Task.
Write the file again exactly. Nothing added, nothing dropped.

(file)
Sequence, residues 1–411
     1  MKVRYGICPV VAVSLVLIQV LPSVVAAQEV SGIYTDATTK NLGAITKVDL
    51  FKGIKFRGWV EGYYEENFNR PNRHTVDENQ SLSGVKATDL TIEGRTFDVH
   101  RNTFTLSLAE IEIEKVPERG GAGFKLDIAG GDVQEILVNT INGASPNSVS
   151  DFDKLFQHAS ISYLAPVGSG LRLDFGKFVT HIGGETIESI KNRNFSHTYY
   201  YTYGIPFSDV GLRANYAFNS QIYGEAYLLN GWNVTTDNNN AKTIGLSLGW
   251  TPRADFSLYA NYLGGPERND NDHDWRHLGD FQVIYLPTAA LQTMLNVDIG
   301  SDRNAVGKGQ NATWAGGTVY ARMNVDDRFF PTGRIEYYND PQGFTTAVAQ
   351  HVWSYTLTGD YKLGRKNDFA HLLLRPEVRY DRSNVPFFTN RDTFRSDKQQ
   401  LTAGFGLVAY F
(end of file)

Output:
Sequence, residues 1–411
     1  MKVRYGICPV VAVSLVLIQV LPSVVAAQEV SGIYTDATTK NLGAITKVDL
    51  FKGIKFRGWV EGYYEENFNR PNRHTVDENQ SLSGVKATDL TIEGRTFDVH
   101  RNTFTLSLAE IEIEKVPERG GAGFKLDIAG GDVQEILVNT INGASPNSVS
   151  DFDKLFQHAS ISYLAPVGSG LRLDFGKFVT HIGGETIESI KNRNFSHTYY
   201  YTYGIPFSDV GLRANYAFNS QIYGEAYLLN GWNVTTDNNN AKTIGLSLGW
   251  TPRADFSLYA NYLGGPERND NDHDWRHLGD FQVIYLPTAA LQTMLNVDIG
   301  SDRNAVGKGQ NATWAGGTVY ARMNVDDRFF PTGRIEYYND PQGFTTAVAQ
   351  HVWSYTLTGD YKLGRKNDFA HLLLRPEVRY DRSNVPFFTN RDTFRSDKQQ
   401  LTAGFGLVAY F